A couple of years ago it was suggested to me by a mate that I should try my luck by uploading to stock sites such as Dreamstime.
At first I felt rather sceptical about things as I wasn't really too sure what 'stock' actually meant. Not too sure if I do now... but that's beside the piont! So, it took me a while to put this idea to test.
Once I got over that I keyed in the address of the stock site suggested and did a thorough read-up and all the info they had available:
- What stock is all about
- what conditions are set
- who is actually eligable
- anyway -- etc etc etc!
I plugged up some courage and took the plunge. At first it wasn't easy - taking many a round until I finally got accepted as a contributor so I could start uploading images to my spanking new, and very empty, portfolio. And for a long time I just stuck to this one stock site, not really realising that there are hundreds more one could contribute too.
Slowly my portfolio began to build up and with renewed confidence I decided to search out other sites.... thus I found Dreamstime. Again it took me a while till I managed to get accepted as a contributor here but accepted I was! I now have a paltry 17 files in my portfolio, but hopefully and even if slowly, it will increase as I get used to the quality and types of images required.
What I have noticed, however, is that different stock sites have very different criteria as to what is acceptable in an image for inclusion on the site. I have files which were refused here accepted on other sites and vice versa - files accepted here refused on other sites.
All sites strive for high quality and professional work, that I understand well enough and I consider myself luck to have files accepted seeing as I am but a hobbyist photographer. Also, images are scrutinised by humans and each person perceives an image in a different way, but I get the impression that while not sacrificing quality there is still a big difference in what is given higher technical priority between the different sites.
I'm curious to hear any comments from others about this..
I'm glad to discover that it is not I who is imagining the difference between stock sites. Cheers for your replies peeps!
What I have noticed though is that some sites are more tolerant towards post-processing as long as the result is usable, while others seek more 'sterile' (so to speak and for want of a better word - I definitely do not mean that these sites try to stifle imagination) images.
Well its like paying football under different European clubs and under different coach and managers. Just play your shots well and end up scoring on each shot no mater which club, which coach or which manager, the only thing counts is how much score.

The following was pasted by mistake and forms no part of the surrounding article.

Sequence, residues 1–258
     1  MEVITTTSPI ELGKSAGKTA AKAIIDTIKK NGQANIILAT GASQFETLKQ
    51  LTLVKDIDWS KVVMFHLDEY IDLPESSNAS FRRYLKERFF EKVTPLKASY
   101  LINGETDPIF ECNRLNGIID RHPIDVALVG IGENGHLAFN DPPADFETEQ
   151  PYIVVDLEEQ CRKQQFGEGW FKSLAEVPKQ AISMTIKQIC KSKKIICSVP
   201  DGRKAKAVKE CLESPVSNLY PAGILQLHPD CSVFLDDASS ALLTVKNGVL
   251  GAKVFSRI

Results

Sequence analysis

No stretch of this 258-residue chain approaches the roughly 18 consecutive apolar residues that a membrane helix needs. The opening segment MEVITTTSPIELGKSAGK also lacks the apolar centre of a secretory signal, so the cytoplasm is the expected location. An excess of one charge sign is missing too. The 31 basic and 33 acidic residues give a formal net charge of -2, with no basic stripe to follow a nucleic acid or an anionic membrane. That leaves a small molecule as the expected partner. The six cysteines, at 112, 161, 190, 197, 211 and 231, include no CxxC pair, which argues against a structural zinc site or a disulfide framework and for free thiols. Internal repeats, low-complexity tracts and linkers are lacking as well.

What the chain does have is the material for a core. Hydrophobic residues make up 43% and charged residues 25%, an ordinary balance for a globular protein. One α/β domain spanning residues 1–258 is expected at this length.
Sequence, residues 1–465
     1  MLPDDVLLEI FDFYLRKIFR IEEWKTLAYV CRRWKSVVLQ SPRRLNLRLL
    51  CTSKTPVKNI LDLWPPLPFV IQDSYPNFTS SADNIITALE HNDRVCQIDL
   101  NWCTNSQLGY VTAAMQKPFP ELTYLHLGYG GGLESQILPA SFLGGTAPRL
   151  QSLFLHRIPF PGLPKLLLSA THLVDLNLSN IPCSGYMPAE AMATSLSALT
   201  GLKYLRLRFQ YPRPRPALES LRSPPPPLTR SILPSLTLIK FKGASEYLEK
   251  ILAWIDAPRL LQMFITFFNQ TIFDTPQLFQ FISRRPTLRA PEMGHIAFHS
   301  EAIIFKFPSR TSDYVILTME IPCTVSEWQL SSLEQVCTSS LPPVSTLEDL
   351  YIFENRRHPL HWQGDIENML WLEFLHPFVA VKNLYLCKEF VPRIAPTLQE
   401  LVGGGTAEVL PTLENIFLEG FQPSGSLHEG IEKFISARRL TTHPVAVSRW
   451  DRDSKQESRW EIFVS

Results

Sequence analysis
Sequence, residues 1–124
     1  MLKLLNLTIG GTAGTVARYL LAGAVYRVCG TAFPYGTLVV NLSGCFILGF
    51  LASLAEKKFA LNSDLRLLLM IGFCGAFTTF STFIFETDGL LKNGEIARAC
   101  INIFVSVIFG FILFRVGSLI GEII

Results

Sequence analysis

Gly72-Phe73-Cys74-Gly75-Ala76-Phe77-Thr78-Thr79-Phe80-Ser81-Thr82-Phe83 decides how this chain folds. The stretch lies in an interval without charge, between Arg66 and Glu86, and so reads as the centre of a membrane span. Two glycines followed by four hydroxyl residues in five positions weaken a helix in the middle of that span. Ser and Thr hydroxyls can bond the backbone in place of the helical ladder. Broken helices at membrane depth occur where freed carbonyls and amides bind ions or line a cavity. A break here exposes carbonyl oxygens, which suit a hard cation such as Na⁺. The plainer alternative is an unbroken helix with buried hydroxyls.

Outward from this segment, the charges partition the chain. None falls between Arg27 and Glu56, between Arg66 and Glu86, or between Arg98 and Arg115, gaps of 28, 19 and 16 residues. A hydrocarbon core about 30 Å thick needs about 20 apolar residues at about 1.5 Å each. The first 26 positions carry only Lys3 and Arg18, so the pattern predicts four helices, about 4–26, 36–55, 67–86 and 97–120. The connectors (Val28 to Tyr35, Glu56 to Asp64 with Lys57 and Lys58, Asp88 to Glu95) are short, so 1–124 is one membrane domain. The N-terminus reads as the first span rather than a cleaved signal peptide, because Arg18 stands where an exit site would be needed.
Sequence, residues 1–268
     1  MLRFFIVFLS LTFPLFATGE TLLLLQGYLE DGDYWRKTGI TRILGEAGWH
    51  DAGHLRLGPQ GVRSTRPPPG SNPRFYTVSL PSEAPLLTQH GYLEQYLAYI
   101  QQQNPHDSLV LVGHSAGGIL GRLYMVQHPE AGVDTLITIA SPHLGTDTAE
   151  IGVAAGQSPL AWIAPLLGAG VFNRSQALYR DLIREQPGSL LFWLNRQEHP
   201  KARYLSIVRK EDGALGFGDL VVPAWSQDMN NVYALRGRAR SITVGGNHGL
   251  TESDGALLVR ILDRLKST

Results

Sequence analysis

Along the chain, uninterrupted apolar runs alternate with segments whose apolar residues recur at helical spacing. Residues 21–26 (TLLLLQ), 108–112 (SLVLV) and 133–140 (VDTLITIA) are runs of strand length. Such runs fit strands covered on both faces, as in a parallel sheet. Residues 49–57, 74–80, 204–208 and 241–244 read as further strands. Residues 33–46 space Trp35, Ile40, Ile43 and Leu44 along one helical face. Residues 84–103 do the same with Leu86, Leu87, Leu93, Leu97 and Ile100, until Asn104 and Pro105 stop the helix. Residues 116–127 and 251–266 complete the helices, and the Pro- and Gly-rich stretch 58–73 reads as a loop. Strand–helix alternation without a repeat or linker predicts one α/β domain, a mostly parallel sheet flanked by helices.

I too have wondered how the process of selection works , but have realized its not the numbers uploaded , although that helps the odds, its rather if the image is a good selling one. I look at submitters numbers uploaded verses sales. There are a few with just a few images but high numbers of sales. Thats what we need to strive for.
so true! I submit to 4 sites and I'm only coming to terms with the rejections now - i always confused me how 1 image that sells almost everyday on one site is not accepted on another .. I'm sure they know what they are doing and I guess they know their customers best! :) so i accept it and upload others :)
I would certainly agree with you that different microstock companies have different criteria. I contribute to 3. Whereas Dreamstime will accept beautiful landscapes, at least one of the others will not. One likes 'backgrounds' for compositing - textures of fabric, rust, natural things; another likes objects isolated on white especially. One site will reject images for 'poor lighting' if the shadows are strong (and I'm not talking about those horrible harsh shadows from on-camera flash). Another has a leaning towards very high key images of people, whereas at least one company regards too much bright light as a technical error. One accepts signs on stores, streets, etc; another regards these as an infringement of copyright. One likes arty stuff; another regards this as unsaleable as stock. One is happy to accept images with a strong color cast (deliberately manipulated, of course!); another rejects these as 'color balance may be incorrect'. One company wants as few keywords as possible,...(More)
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